Geekwire: University of Washington Initiative Awarded $9.3M to Fight Deadly Malaria Strains in India

By Clare McGrane

Viruses and parasites are constantly changing. That’s the reason last year’s flu shot isn’t as effective against this year’s flu — the virus has evolved to resist it.

The same is true for malaria, but unlike the flu, malaria is one of the most deadly parasites in the world, and it’s becoming resistant to the lifesaving drugs that can cure it.

NewsBeat: Common Malaria Meds Pose No Undue Risk in Early Pregnancy

Global team finds that artemesinin therapies are as safe as quinine for women in first trimester

By Sarah C.B. Guthrie 

Artemisinin combination therapies (ACTs), medications widely used against malaria, are safe to administer to women in their first trimester of pregnancy, according to research published today. ACTs had previously been recommended at that stage of pregnancy only in life-saving circumstances. 

The Conversation: What Africa Still Needs to Do to Eliminate Malaria

By Willis Simon Akhwale, Country Director for I-TECH Kenya

Malaria is one of the oldest and deadliest infectious diseases affecting man. It is an ancient and modern disease – descriptions of illnesses similar to malaria are found in ancient texts from China, India, the Middle East, Africa and Europe.

Malaria parasites have co-evolved – which involves genetic changes and adaptation – with people as their hosts over a period of four thousand years.

HS Newsbeat: How Close are Local Researchers to a Malaria Vaccine?

By Bobbi Nodell and Alex Murphy

As 400,000 people a year are still being killed by malaria, researchers in Seattle are fervently working on a vaccine.

How close are they?

Well, they have several hurdles left but in the next 10 years, there very well could be a malaria vaccine given enough funding, said researchers Stefan Kappe and Jim Kublin, who are working on a vaccine candidate at the Center for Infectious Disease Research (CID Research) in Seattle.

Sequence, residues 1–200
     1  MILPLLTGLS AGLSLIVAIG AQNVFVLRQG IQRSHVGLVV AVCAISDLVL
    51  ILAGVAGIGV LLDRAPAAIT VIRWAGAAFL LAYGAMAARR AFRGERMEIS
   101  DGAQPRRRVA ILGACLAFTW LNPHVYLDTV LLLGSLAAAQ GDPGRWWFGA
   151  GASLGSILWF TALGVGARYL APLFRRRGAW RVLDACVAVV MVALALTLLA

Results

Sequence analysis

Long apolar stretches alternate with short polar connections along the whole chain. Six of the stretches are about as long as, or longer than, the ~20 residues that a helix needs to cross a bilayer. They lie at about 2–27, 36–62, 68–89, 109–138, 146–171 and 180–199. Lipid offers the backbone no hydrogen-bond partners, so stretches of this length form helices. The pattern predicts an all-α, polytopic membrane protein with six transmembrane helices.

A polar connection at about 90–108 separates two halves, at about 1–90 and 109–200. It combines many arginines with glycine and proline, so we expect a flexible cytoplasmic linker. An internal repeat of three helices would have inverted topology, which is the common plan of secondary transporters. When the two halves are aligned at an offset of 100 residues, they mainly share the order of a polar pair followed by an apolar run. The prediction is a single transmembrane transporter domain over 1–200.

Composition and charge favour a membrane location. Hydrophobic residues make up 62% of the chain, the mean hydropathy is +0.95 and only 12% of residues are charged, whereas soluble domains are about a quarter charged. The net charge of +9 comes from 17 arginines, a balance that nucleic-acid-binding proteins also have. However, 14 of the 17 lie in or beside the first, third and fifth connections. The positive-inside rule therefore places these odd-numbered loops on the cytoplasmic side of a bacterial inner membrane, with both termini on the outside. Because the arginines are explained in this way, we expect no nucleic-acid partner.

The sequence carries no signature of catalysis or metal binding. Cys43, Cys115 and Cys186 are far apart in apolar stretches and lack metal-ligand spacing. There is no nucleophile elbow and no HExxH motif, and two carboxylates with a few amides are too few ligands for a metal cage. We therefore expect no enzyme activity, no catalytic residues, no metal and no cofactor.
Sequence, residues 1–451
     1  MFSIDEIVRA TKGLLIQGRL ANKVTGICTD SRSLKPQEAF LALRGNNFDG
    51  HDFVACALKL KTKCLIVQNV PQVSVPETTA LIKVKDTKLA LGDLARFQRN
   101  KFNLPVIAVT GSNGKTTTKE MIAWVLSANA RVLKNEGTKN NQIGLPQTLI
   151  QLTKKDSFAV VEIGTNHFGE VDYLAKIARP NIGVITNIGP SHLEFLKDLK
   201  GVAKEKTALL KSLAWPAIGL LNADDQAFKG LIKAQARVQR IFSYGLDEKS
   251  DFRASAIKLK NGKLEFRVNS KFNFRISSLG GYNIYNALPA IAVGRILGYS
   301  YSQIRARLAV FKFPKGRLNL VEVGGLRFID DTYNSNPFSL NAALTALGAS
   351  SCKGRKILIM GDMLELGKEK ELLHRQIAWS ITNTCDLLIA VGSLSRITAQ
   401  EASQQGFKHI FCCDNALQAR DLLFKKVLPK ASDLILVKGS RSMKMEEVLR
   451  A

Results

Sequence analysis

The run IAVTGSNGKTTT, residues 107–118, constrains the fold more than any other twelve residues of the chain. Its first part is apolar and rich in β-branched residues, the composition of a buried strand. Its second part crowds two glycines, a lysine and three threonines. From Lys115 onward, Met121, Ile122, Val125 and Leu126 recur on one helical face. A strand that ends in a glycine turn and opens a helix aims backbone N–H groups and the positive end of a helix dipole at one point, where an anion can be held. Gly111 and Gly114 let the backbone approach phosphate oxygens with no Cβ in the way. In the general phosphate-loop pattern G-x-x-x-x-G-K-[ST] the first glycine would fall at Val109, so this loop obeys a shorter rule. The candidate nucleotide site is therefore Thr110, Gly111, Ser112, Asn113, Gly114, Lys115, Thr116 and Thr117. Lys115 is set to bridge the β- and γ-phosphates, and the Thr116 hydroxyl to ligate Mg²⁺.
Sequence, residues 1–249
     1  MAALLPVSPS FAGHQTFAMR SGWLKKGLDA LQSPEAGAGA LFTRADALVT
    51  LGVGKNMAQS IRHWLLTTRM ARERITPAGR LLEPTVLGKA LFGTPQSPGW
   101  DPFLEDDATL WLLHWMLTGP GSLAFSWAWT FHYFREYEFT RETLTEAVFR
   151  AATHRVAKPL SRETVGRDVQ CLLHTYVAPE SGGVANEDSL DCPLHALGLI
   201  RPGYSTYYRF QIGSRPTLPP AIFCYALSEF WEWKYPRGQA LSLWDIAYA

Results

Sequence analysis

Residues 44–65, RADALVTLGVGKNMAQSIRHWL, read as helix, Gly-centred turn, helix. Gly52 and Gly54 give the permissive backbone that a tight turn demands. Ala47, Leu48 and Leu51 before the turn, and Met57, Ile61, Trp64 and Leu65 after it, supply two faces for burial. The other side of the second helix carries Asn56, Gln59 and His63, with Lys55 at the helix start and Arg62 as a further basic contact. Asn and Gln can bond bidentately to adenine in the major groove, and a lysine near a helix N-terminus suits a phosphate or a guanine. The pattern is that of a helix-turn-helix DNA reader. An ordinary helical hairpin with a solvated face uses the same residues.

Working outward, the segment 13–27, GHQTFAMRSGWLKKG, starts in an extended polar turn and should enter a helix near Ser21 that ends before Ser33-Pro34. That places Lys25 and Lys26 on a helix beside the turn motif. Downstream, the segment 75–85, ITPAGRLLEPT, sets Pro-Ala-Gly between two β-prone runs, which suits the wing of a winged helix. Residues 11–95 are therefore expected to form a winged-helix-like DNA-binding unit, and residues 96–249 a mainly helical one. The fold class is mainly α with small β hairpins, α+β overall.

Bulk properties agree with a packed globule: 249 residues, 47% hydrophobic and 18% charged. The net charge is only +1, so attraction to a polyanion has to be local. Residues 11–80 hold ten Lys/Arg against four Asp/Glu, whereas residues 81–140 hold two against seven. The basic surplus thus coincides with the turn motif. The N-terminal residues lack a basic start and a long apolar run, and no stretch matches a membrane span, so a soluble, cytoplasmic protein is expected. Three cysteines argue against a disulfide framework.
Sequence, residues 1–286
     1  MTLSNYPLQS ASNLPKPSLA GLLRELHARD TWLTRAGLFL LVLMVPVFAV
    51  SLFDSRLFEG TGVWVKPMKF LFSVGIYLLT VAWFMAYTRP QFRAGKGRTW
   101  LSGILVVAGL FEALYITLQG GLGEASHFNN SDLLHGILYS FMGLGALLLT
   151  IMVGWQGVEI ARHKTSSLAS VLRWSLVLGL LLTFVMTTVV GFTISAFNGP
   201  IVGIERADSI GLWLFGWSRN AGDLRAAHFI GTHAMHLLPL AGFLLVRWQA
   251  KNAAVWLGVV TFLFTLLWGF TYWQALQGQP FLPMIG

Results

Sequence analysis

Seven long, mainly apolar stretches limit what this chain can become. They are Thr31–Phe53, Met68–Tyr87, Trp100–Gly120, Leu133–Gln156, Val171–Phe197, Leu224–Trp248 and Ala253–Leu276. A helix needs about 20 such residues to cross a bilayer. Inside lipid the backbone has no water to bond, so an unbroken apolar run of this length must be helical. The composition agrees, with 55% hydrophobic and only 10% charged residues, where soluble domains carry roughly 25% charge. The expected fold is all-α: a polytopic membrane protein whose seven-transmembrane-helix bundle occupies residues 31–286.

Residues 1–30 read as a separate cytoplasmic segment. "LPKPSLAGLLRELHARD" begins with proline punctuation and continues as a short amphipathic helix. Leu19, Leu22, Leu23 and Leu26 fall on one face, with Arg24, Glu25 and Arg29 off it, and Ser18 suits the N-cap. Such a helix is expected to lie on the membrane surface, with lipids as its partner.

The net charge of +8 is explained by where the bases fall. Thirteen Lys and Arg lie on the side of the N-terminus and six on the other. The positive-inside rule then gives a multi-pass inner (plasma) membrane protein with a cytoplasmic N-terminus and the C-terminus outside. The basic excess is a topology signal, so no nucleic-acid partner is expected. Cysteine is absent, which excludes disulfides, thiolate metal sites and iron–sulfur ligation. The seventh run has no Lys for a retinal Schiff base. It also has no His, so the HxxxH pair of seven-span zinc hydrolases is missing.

VOA News: Genetically Engineered Vaccine Prevents Malaria in Mice, Findings Show

By Jessica Berman

A genetically engineered malaria vaccine has been shown to prevent the disease in mice, researchers say. The findings offer hope of halting the illness in humans, as well as stopping transmission of the mosquito-borne disease.

Researchers at the Center for Infectious Disease Research (CIDR) at the University of Washington, in conjunction with the Fred Hutchison Cancer Research Center, have developed a vaccine that uses the entire malaria-causing parasite — called P. falciparum — to stimulate a protective immune response.

Hutch News: On The Path to a New-Generation Malaria Vaccine

By Mary Engel

Researchers may be one step closer to a truly effective malaria vaccine, a new study suggests. A genetically modified malaria parasite worked as designed in its first human clinical trial, causing neither malaria nor serious safety problems in the 10 people who volunteered to be infected. It also stimulated an immune response that holds out promise of a more protective vaccine than the single candidate now in pilot studies

EurekAlert: Why Some People May Not Respond to the Malaria Vaccine

Creating protective immunity against the early liver stage of malaria infection is feasible, but has been difficult to achieve in regions with high rates of malaria infection. Many current malaria vaccines target the pre-erythrocytic stage of infection in the liver, however in endemic regions, increased blood stage exposure is associated with decrease vaccine efficacy, challenging current malaria vaccine efforts. 

Reuters Africa: From Gene Editing to Death Traps, Seattle Scientists Innovate in Race to End Malaria

By Kieran Guilbert

When Kayode Ojo first fell sick with malaria as a young boy in Nigeria, his grandfather shunned modern medicine, venturing into the bush to search for herbs and plants to treat the disease.

Having succumbed to malaria a further 50 or more times in his life, the United States-based scientist, now in his forties, is determined that his research - to develop a drug to stop transmission from humans back to mosquitoes - will help to eradicate the deadly disease.

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